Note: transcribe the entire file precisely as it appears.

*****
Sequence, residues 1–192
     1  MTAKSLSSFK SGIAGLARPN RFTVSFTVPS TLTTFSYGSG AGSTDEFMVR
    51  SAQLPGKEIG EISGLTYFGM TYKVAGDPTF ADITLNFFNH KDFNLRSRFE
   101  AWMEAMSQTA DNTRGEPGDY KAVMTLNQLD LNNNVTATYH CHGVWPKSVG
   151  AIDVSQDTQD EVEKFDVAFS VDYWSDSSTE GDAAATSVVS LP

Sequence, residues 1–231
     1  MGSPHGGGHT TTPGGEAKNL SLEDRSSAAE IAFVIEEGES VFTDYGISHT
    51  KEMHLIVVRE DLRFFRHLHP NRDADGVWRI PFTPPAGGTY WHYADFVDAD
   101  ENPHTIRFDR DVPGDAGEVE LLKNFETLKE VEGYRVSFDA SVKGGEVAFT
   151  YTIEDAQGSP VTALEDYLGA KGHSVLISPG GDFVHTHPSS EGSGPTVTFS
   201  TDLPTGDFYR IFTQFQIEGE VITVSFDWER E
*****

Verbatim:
Sequence, residues 1–192
     1  MTAKSLSSFK SGIAGLARPN RFTVSFTVPS TLTTFSYGSG AGSTDEFMVR
    51  SAQLPGKEIG EISGLTYFGM TYKVAGDPTF ADITLNFFNH KDFNLRSRFE
   101  AWMEAMSQTA DNTRGEPGDY KAVMTLNQLD LNNNVTATYH CHGVWPKSVG
   151  AIDVSQDTQD EVEKFDVAFS VDYWSDSSTE GDAAATSVVS LP

Sequence, residues 1–231
     1  MGSPHGGGHT TTPGGEAKNL SLEDRSSAAE IAFVIEEGES VFTDYGISHT
    51  KEMHLIVVRE DLRFFRHLHP NRDADGVWRI PFTPPAGGTY WHYADFVDAD
   101  ENPHTIRFDR DVPGDAGEVE LLKNFETLKE VEGYRVSFDA SVKGGEVAFT
   151  YTIEDAQGSP VTALEDYLGA KGHSVLISPG GDFVHTHPSS EGSGPTVTFS
   201  TDLPTGDFYR IFTQFQIEGE VITVSFDWER E